On Facebook, Nilesh Jasani nominated me for the seven-day long nature photography challenge, where one posts one photograph every day for, predictably, seven days.
what I am trying
to capture is the sheer
delicacy of it: like the way
that sunlight breaks across
water in a million fragments,
or the smallness of stars
at night and the vastness of
the night sky about them. or
the stars in their deep brown
eyes and how it twinkles
in the afternoon. or the
burgeoning sense of birdsong
in the morning growing with
the growing light. or the
patterns of rain on river. or
the oldness of tree roots. or
the drifting dance of butterfly
wings and the colours each day
The Blues are a subgroup of the family Lycaenidae, which comprise some 30% of butterflies species worldwide. They are a pain in the butt.
The first problem: they’re tiny. They hold the smallest butterfly in the world – the grass jewel – and often the difference between species comes to one spot on the hindwing that you can’t even see anyways. And they never stop moving.
Second problem: they’re also beautiful, but you never see that. (See point 1.) Their uper wings are a stunning blue in the right light. Unfortunately, even if the light is present, to see one sunbathing and stay still long enough for you to get close is an enormous feat of patience.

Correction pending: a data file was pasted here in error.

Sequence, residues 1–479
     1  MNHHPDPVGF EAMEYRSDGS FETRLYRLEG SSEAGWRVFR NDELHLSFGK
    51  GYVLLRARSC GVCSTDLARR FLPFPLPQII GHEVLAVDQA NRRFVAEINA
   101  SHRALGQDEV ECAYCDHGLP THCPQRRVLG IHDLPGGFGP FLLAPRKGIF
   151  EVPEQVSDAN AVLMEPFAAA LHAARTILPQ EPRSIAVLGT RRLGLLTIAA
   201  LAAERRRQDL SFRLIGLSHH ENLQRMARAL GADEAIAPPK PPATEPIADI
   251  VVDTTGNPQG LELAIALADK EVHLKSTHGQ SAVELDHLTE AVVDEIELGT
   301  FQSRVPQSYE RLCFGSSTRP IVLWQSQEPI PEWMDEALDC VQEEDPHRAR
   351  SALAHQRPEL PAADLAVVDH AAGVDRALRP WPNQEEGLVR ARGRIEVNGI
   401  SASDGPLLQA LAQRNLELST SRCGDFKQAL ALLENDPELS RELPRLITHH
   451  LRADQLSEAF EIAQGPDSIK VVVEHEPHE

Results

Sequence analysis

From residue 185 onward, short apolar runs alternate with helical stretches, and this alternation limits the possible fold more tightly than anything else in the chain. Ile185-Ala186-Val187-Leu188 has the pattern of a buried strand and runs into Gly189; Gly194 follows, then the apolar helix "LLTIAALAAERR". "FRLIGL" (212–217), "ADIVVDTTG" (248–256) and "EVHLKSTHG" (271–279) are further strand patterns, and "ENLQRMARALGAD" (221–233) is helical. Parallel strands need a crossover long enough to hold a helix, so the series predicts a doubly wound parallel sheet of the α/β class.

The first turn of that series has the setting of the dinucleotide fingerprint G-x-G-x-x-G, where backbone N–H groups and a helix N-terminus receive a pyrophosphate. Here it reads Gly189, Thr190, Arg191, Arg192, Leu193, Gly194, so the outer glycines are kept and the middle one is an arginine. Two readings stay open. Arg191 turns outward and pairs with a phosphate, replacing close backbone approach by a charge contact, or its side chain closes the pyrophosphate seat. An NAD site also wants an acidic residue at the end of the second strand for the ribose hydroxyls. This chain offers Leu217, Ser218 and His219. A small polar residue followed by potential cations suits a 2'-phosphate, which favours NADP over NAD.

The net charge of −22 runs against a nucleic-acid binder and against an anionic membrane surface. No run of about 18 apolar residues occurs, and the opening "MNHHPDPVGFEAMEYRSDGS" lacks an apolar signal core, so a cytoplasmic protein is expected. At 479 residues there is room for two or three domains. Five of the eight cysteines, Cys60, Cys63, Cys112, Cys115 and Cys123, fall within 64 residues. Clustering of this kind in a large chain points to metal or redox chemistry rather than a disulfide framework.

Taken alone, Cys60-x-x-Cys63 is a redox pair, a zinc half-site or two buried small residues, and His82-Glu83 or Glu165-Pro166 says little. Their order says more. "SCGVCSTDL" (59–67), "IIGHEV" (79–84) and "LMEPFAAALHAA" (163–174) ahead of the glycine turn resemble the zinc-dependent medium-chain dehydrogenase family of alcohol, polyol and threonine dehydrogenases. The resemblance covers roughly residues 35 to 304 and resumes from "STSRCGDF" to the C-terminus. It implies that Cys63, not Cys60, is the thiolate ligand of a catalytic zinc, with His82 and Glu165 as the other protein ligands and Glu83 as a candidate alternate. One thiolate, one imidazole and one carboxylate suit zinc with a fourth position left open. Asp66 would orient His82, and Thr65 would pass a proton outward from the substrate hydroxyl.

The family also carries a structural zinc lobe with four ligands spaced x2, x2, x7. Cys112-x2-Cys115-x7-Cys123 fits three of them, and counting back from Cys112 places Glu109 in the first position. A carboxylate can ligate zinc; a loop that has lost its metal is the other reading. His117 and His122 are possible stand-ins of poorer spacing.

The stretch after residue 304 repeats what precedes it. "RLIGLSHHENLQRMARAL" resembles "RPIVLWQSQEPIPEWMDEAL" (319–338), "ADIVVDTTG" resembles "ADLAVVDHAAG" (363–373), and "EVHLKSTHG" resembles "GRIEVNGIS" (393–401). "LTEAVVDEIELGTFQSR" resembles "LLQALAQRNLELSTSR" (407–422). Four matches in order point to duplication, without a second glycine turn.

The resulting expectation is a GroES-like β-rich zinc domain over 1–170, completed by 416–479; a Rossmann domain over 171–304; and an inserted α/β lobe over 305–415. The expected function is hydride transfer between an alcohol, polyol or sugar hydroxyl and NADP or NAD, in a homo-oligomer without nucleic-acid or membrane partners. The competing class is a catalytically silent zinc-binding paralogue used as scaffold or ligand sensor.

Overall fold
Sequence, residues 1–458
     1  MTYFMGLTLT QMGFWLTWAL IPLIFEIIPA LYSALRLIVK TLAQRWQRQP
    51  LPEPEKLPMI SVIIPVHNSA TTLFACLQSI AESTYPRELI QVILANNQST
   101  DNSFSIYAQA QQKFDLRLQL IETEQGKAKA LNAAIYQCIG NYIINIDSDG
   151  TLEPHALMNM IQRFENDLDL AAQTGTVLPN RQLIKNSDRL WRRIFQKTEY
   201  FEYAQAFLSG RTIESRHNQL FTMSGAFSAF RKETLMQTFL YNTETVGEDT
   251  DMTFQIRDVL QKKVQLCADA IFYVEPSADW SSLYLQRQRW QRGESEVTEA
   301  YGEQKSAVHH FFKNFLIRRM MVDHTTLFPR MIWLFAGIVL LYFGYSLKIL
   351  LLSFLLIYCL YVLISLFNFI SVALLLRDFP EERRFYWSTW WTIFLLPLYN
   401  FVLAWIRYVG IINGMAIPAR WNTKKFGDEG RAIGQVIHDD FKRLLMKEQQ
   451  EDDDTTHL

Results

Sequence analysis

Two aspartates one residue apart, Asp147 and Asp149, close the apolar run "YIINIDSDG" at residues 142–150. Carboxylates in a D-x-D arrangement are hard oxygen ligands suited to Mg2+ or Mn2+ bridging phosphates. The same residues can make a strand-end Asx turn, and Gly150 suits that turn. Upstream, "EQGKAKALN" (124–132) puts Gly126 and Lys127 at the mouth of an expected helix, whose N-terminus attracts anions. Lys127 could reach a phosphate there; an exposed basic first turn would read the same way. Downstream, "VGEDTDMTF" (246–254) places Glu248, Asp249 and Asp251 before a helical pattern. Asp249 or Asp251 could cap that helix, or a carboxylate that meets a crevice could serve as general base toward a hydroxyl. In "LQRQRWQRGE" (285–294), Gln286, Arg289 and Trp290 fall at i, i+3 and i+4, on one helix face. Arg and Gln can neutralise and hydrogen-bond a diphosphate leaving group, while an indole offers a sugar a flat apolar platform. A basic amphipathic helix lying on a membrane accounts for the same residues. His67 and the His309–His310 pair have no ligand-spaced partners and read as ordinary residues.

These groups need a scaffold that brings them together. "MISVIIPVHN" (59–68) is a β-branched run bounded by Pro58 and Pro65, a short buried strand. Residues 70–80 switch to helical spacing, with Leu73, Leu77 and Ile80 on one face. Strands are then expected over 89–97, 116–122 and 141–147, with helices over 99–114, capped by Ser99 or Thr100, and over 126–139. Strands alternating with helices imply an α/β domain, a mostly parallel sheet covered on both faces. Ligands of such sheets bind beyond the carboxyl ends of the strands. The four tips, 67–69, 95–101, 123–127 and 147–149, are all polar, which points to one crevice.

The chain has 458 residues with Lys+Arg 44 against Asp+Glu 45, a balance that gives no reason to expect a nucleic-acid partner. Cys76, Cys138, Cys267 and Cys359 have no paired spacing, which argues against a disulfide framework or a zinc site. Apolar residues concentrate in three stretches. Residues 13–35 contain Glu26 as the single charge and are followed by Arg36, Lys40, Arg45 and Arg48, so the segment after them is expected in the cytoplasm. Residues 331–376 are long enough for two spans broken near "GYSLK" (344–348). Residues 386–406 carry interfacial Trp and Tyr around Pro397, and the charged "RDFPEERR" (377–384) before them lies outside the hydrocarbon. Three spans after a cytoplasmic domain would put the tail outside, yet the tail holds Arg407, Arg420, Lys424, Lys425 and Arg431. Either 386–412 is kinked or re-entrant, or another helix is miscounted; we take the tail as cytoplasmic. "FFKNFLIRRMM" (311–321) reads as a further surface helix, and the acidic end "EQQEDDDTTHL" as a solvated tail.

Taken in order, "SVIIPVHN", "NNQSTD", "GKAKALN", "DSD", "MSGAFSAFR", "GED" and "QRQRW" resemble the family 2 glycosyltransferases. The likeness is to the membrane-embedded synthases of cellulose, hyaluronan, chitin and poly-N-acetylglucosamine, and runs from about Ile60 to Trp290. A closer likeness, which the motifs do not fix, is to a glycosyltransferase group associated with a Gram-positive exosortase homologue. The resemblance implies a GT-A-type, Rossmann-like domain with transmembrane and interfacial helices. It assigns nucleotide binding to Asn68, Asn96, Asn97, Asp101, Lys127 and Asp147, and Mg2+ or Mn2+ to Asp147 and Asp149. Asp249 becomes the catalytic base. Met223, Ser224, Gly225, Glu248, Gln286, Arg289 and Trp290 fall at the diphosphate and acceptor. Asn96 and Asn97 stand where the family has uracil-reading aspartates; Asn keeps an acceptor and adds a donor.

Mostly it comes down to hoping, and waiting. So this sighting, in the Western Ghats, made me extremely happy. 🙂
Painted Ladies are the most widely distributed butterfly: found on every continent except for Antarctica and Australia, they’re so ubiquitous even halfway across the world, in a continent I was totally unfamiliar with, they were the sole butterfly I managed to identify in Jordan. This individual was spotted at the other end of the continental plate, in the Himalayas; you can see its long, thin proboscis feeding on the orange flower that just happens to complement the subtle colors on its wings. Sometimes Nature selects her palette perfectly.
I first saw a blue pansy in the butterfly field guide I picked up on a whim at a stall from our local nature society. It captivated me: I found the brilliance of its colors, elegance in its wings immensely attractive, and vowed to see it in Singapore.
It would be years (well, two) before I clapped eyes on it there – finally, it was at a carpark, of all places, in a patch of grass that tawny costers and pansies, amongst others, had decided to colonize in unusually dense numbers on an unusually hot day. (Then again, this is Singapore we’re talking. Everyday is unusually hot.)
In Bangalore, however, I was walking one day when I noticed a ragged individual in a bush. It was a happy experience, to say the least – surreal, the fact that something that pretty was right there.
And then, predictably, I found it everywhere from then on. Ah well. I’m not complaining.